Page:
Figure 9: The third concept was a Mat Village Experience. We decided to market this towards local Vietnamese students instead of tourists as we thought, “Why not let the locals know about this experience first?” We felt that when local students come for this village experience, they would be able to have a better connection with the villagers as they speak the same language. This would let them enjoy more things and it would open up opportunities for the villagers to share their stories and have people to appreciate their craft.

Figure 10: The fourth concept was a mini weaver to make use of unused straws. Usually the villagers would dump these straws into the river so we thought that this would be a much greener effort. Plus, they could get side income from selling smaller items that could be made from this weaver, such as coasters, bags and bracelets.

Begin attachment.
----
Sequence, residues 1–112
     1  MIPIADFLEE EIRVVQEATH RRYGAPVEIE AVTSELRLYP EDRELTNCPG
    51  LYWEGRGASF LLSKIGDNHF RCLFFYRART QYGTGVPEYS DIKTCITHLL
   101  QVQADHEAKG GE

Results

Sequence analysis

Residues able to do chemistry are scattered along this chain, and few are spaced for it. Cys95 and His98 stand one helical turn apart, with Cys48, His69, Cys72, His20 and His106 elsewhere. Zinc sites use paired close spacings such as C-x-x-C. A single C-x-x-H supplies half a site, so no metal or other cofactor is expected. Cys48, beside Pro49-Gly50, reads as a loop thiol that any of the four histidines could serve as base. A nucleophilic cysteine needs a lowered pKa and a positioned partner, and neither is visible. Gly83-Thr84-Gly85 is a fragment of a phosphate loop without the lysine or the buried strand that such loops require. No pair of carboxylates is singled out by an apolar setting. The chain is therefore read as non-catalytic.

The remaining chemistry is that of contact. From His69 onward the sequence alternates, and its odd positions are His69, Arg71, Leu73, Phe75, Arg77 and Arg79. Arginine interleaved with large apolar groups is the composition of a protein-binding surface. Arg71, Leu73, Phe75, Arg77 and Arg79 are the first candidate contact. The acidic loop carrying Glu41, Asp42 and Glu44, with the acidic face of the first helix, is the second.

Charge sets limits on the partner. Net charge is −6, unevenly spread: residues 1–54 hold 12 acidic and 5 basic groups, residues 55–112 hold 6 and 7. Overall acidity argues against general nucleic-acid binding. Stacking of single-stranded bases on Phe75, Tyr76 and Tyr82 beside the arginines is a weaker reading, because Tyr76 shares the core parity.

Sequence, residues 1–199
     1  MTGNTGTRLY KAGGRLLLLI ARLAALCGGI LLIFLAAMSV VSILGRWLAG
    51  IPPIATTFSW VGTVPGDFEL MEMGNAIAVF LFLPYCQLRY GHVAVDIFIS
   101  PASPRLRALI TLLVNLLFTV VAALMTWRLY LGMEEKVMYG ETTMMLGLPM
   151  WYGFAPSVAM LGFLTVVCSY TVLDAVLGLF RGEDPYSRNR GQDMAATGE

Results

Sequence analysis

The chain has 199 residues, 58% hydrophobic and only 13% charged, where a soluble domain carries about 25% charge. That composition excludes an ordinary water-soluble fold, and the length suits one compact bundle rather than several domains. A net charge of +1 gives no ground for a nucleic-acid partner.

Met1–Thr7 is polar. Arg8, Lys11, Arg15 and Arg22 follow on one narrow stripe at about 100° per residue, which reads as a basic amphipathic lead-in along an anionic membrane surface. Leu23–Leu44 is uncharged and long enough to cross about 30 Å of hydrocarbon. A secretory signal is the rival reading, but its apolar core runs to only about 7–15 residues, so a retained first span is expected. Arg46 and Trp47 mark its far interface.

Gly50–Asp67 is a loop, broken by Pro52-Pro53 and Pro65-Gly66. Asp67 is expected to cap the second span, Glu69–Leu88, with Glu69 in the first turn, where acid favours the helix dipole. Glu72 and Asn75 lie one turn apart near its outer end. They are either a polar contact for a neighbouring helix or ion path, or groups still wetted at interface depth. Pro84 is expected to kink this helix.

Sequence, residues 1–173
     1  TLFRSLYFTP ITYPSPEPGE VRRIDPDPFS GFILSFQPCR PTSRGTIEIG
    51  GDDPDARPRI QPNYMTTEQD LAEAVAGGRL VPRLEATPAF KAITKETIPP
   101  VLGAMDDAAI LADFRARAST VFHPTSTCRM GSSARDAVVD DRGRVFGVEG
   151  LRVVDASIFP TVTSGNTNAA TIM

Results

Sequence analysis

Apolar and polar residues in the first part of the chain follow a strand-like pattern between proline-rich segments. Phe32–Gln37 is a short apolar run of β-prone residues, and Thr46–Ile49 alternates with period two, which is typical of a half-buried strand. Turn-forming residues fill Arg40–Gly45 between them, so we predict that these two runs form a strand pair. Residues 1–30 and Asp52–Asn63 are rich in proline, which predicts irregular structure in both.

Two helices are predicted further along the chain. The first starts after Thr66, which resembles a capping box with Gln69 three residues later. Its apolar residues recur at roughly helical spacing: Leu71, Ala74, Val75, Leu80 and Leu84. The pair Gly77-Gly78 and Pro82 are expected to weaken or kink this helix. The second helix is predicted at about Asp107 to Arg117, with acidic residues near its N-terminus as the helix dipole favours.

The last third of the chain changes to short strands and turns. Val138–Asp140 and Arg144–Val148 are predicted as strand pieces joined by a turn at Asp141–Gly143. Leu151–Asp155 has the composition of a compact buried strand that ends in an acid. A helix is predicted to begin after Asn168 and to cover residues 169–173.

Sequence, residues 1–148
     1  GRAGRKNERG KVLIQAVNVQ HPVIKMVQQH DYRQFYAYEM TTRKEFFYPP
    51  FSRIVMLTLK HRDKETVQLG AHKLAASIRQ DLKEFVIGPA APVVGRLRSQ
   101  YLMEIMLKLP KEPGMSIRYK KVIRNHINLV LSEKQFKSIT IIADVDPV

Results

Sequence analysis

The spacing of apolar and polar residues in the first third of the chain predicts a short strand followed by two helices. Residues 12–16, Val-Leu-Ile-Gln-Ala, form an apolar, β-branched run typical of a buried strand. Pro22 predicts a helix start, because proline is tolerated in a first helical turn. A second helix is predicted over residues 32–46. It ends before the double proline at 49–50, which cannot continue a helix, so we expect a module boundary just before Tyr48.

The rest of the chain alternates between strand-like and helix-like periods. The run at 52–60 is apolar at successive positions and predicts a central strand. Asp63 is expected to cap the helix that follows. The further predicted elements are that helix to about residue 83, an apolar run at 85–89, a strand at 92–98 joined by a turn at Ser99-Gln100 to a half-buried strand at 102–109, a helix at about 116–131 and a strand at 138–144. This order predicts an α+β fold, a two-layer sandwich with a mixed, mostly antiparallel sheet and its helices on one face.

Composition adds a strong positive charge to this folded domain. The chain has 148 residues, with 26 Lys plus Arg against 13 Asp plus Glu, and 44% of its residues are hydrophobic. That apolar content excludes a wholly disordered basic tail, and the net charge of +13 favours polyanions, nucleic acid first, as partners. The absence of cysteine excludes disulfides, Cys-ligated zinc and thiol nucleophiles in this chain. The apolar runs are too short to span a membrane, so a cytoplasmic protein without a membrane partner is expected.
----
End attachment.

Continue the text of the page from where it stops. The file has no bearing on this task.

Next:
My favourite part of the whole Design Thinking process would be Co-Creation. Not only for the fact that we got to return to the village, but also because we got to tell the villagers about our concepts and ask for their feedback on them. In a way, we got to involve the villagers in this project so that they could have a say in what was best for them. We could have gone ahead with our concepts and make them into a reality but it would have been meaningless if it was not what the villagers wanted.

The villagers liked most of our concepts, save for the hanger. They said that it was a bigger hassle than the traditional way and they preferred the latter. They especially liked the mini weaver idea and were interested in it. However, they did not know how to make any of the items but if there was someone who would teach them they would be eager to learn.